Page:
Investors are doubling down on digital assets like bitcoin, from hedge funds to venture capital investments. Roslan Rahman/AFP/Getty

The price of bitcoin continued to soar over Thanksgiving weekend, reaching more than $9,732 by Monday morning. Many experts now expect the price will soon reach $10,000. CoinMarketCap data reveals the price was around $738 per bitcoin in November 2016. It’s been a wild year for cryptocurrency users. And the hits just keep on coming.

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Alistair Milne, Altana Digital Currency Fund’s manager in Monaco, told Reuters 300,000 new users joined the cryptocurrency exchange Coinbase last Wednesday through Sunday. Bitcoin now routinely hits new all-time highs a few times a month. Although bitcoin’s global market cap is volatile, at $162.5 billion it now exceeds the valuation of some of the world’s largest financial institutions, including Goldman Sachs. Plus, bitcoin isn’t the only cryptocurrency on the rise.

Ethereum’s namesake token ether also set a new record over the weekend, soaring above $485. This represents dramatic growth compared to its price at the same time last year, around $9.17. According to a survey of 564 American bitcoin users, conducted by the online loan marketplace LendEDU, more than half of them also invested in other cryptocurrencies such as ether or Ripple’s XRP.

The number of new cryptocurrencies is growing rapidly despite regulators’ increased focus on funds raised through initial coin offerings. Bitcoin’s resilience is proving the old saying that a rising tide lifts all boats. However, this growth also presents its own challenges.

Bitcoin transactions become more time-consuming and expensive as people flock to the network. The broader bitcoin community is working on scaling solutions. Meanwhile, a variety of businesses that rely on bitcoin are coming up with creative solutions to slash transaction fees. One such startup in the New York-based decentralized development platform called Blockstack.

Blockstack co-founder Muneeb Ali told International Business Times the startup’s current token sale, which officially closes on December 1, aims to raise $50 million from buyers interested in their new token Stacks. Unlike most token sales, which crowdfund with Ethereum-based tokens and run lucrative pre-sales with a small group of investors, Blockstack’s holiday season sale is pioneering a new approach to selling cryptocurrency.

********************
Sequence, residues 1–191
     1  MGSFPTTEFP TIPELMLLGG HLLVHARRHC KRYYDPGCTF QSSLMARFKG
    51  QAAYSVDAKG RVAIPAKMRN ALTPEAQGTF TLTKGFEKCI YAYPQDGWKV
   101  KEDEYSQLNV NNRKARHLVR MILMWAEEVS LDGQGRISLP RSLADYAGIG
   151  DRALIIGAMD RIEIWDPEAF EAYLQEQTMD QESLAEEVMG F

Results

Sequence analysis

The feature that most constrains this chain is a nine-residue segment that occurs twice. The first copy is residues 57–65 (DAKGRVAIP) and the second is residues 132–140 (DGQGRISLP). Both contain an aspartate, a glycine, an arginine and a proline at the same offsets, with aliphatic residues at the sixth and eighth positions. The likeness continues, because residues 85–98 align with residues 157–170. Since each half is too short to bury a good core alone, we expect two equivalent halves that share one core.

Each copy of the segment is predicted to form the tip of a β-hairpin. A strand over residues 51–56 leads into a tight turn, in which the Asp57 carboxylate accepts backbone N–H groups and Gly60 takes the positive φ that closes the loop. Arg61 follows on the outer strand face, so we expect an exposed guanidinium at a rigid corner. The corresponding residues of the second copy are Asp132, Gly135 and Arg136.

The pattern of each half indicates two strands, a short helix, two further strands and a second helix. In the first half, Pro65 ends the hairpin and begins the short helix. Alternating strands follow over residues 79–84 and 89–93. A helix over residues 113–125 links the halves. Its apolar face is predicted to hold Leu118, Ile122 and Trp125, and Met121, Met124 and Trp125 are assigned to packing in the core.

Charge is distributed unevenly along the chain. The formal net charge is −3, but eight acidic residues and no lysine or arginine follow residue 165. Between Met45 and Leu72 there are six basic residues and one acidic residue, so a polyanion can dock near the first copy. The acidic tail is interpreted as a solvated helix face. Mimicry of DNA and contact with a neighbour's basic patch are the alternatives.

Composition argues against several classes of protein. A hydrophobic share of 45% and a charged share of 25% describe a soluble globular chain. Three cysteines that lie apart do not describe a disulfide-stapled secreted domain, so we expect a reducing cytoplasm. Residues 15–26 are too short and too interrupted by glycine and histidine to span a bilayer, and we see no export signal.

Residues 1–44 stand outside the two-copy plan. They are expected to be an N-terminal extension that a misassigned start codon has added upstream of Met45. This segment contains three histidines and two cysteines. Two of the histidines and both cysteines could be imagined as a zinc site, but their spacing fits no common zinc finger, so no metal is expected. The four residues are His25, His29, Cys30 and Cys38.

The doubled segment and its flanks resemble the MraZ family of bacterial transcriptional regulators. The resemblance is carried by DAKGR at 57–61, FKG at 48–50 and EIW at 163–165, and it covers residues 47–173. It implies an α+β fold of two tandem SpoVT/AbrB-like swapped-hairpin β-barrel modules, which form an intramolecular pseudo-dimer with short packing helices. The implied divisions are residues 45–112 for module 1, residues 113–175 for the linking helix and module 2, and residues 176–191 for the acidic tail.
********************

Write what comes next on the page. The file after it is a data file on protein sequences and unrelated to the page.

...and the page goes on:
Blockstack co-founder Muneeb Ali
Blockstack co-founder Muneeb Ali Douglas Fairbairn

Ali said accredited investors were only allowed to purchase $3 million dollars worth of tokens, which are locked for long-term stability. “Everyone is getting a lock up period, so those tokens are not liquid,” Ali said. “Which means that this is less likely to be treated as a pump and’s for people who actually believe in the technology.”

Thousands more regular buyers, who aren’t accredited investors, signed up for vouchers that can be redeemed for the chance to buy tokens later on if their “know your customer” identity check goes smoothly. The lack of verified identities among buyers is one of biggest challenges for heavily regulated businesses who want to work with cryptocurrencies like bitcoin. So this mix-and-match approach could open new doors for future sales. “For us it was really important to get a really wide distribution of the token,” Blockstack co-founder Ryan Shea said. “We wanted lots and lots of people on the platform early, and to not see the same economic disparity we’ve seen with some other tokens.”

Beyond that, Blockstack is one of the rare platforms relying on bitcoin, not Ethereum. As bitcoin’s price rises, so do their network’s fees and confirmation times. “There are many reasons we are switching to a native token,” Shea said. “We are still experimenting with our own underlying blockchain because we’ll have better control over transaction fees and confirmation times.”

Part of the reason bitcoins are so expensive is they are scarce. Bitcoin’s core technology was designed to only allow for 21 million virtual coins. Although cryptocurrency miners still have a long way to go until they reach the peak, many of the older bitcoins have already been lost. There are many ways to lose bitcoins, from forgetting private keys to malfunctions on an exchange platform. The blockchain analysis startup Chainalysis reportedly estimated up to 3.79 million bitcoins may have already been lost forever.

Most experts expect bitcoin’s price will continue to rise, correlating with their scarcity and popularity. However, as with any emerging market, those same experts predict more short-term volatility. “There will be a correction at some point, we don’t know when.” Ali said. “We want to have enough resources, or have enough money in the bank, to survive that correction and crash. We are really bullish in the long term.”

Ali pointed out many of today’s tech industry giants, such as Google and Amazon, weathered the “dot com bubble” of the late 1990s and had an even broader societal impact afterwards. Today's skyrocketing price of bitcoin and lucrative token sales are only the beginning.

“I think all these sales are really secondary to the idea of growing this new system,” Shea added. "That's what we're here for... to effect real change with as many people as we can."